As the saying goes, sometimes the best offense is a good defense. Believe it or not, this is true in casino gaming too.
In many games, we barely notice we are actually doing this. When we get a bad hand in blackjack, we frequently choose the lesser of two evils. When we hit a 16 looking into a 10 we are not playing a winning situation. We are merely making a losing situation (sticking on 16), just a little bit better.
Since we don’t have to put up any more money to hit vs. stick, this situation goes by unnoticed. However, in cases where the casino allows you to surrender – give up 1/2 your wager and walk away from your hand, you are playing a strong defense. In this case, you are giving up all chances to win the hand, but you will, in the long run, lose a little less money.
Video poker has the same type of situation. Sometimes the choice you will be faced with is between a net winner and a net loser in the long run. Playing a 4-card Flush over a Low Pair is such a situation. If you choose the Low Pair, you are picking a hand which you will lose money in the long run. If you choose the 4-card Flush, you will win money in the long run.
Frequently, however, your choice will be between 2 long-term losers. Do you play the Low Pair or the 4-card Straight or 3-Card Straight Flush. All three of these will lose money in the long run, but would you rather lose 10% of your wager or 20% of your wager over the long haul? I hope you’d pick the 10%.
Again, however, your choice is to pick something in front of you without having to put any more money on the table (or into the machine). You already made your wager and all that is left is a choice of A, B or C. When you sit and play most table games, however, at some point you have to make a choice of play or fold.
Anytime you have make that decision, you will, at times, choose a strong defense. This is probably best explained through some examples. I’ll use a relatively simple game like Three Card Poker.
After you make your Ante Wager, you get your three cards and review them. Now it’s time to decide – play or fold. Well, if you’re dealt a hand like 9-6-3 Flush, you can expect to win 11,647 of the 18,424 possible outcomes with the dealer qualifying and another 5,292 with him not qualifying.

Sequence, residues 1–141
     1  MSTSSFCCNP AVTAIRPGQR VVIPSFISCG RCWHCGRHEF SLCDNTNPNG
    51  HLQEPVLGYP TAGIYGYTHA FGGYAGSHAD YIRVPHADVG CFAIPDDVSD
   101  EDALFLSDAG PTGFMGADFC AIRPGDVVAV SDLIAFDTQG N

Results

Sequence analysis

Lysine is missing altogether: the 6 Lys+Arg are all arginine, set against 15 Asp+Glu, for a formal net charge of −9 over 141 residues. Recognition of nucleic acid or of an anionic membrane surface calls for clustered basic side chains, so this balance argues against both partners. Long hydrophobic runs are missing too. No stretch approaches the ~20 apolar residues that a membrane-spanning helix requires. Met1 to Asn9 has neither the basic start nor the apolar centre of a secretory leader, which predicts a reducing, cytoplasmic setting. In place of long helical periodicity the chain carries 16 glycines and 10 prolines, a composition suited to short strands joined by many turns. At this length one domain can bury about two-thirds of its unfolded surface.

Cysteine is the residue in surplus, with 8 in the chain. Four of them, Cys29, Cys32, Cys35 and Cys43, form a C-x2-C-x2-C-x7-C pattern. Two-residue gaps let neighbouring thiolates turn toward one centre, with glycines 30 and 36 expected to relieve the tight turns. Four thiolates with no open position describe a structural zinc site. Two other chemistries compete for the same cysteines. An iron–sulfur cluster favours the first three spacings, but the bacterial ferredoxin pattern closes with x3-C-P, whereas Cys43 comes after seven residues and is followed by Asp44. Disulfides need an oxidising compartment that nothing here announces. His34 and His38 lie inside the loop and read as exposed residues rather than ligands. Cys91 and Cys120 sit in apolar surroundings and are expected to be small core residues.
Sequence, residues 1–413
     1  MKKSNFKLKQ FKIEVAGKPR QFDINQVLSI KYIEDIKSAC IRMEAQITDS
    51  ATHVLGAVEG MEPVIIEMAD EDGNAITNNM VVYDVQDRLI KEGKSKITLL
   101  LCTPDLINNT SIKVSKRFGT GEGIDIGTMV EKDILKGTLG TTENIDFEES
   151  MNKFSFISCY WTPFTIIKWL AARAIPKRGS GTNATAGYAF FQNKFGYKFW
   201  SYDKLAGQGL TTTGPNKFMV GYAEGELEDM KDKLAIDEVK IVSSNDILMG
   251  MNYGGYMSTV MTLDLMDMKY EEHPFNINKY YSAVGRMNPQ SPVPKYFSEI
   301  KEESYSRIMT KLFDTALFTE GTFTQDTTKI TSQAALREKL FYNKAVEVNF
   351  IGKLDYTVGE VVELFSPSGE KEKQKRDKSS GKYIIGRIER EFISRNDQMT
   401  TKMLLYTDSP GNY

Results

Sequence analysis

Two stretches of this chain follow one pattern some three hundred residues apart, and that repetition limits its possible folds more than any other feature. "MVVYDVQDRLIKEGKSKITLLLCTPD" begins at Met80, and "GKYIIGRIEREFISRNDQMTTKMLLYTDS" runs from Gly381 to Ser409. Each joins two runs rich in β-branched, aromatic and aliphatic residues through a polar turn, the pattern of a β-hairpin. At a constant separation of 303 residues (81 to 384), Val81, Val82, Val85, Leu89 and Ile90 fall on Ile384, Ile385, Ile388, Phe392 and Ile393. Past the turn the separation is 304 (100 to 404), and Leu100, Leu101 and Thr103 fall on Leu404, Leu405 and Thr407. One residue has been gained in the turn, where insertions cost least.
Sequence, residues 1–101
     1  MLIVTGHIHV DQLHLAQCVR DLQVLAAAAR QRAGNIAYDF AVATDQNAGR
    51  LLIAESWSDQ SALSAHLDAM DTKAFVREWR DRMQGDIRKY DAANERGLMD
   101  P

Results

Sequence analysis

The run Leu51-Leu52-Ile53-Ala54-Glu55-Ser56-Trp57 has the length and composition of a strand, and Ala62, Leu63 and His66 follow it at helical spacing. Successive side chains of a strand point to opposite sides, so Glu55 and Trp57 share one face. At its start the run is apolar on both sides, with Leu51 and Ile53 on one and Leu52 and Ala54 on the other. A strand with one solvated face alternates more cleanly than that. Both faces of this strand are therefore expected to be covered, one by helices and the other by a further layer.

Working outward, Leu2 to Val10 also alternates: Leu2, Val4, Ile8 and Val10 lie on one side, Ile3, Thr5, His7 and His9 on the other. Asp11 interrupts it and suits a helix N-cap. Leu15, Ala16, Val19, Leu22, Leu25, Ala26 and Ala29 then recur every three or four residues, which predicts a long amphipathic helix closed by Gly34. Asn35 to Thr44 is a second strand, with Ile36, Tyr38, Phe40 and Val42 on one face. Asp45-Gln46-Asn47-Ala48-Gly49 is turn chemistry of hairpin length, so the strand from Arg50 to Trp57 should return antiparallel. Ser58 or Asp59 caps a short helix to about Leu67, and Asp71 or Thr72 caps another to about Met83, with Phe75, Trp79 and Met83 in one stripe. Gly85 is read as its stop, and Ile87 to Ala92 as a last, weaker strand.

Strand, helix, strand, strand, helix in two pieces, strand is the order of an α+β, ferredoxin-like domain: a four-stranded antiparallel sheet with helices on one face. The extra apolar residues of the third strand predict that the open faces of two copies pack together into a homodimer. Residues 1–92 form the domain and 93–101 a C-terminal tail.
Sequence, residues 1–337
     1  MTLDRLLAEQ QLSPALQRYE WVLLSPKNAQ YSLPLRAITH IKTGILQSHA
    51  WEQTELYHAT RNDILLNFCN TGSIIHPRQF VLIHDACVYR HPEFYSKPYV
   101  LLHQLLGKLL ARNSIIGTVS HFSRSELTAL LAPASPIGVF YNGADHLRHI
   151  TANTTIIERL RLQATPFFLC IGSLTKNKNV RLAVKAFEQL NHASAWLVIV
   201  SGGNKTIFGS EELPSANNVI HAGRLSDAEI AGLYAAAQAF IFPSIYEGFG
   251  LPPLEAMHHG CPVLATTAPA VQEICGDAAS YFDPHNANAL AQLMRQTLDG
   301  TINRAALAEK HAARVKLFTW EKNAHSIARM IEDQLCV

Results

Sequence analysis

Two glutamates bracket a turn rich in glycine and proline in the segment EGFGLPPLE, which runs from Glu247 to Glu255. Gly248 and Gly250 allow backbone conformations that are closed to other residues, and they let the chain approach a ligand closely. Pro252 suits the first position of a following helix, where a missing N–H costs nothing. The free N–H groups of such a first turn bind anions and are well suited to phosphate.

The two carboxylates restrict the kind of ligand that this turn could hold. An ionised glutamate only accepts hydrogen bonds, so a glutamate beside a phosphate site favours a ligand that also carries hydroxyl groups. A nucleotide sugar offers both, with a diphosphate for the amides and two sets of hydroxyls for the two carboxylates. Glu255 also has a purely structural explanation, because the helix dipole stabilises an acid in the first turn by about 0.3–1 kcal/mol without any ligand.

You’ll lose only 1,482 of the hands making the decision rather easy. Obviously you play this hand. If dealt a Pair of 4’s, you’ll still lose only 4,168 of the 18,424 hands and the decision is again pretty easy.
Now let’s say you’re dealt a K-Q-10. In this case you can expect to win 4,090 with the dealer qualifying, win 6,210 with the dealer not qualifying and lose 8,098 (there will also be 26 ties).
So if choosing to play, we will wager 36,848 units and only have 35,042 units returned. So, should we fold? Absolutely not! If we fold, we’re going to lose all 18,424 units from our Ante Wager. So, we are put into a situation where we actually have to bet more in order to lose less!
Many of you know by now that Q-6-4 is the lowest hand that should be played in Three Card Poker. With a Q-6-4 we will win only 305 hands where the dealer qualifies, 5,758 hands with the dealer not qualifying and we will lose 12,335 hands – or nearly 60%!
So, how can this hand warrant a play? When we add up the results we find that the player will wager 36,848 units if he plays and get back only 18,546, resulting in a loss of 18,302. Still, it’s better than losing 18,424 units that we would by folding.
But, this is as far as it goes. If we attempt to play a Q-6-3, we will have returned to us only 18,377 and our net loss will be slightly greater than the 18,424 we would lose by folding. The situation only gets worse for the person who plays hands that are Jack High where they have no chance of winning with the Dealer qualifying.
In essence, they are wagering two units in the hopes of winning one and are doing so with very bad hands!
So, the idea of a good defense does not always mean put up more money to lose less. Sometimes it means fold and cut your losses.
The critical point to learn is that just because you are putting up extra money does not necessarily mean you should expect to win the hand more often than you lose. In the case of the K-Q-10, you will actually win more often than you lose, but your play bet will frequently push – blunting the impact of your win.
In the case of Q-6-4 you will lose more often than you will win, but it is still the right play because you will lose even more if you choose to fold. Again, knowing what to expect can be a critical factor in keeping you on the right path of knowing the right strategy.
The casinos rely on human error to increase their advantage. Much of this human error comes from a lack of understanding of what to expect when you’re playing which then causes players to alter their strategy from sound to more wasteful.
Elliot Frome is a second generation gaming analyst and author. His math credits include Ultimate Texas Hold’em, Mississippi Stud, House Money and many other games. His website is www.gambatria.com. Contact Elliot at [email protected].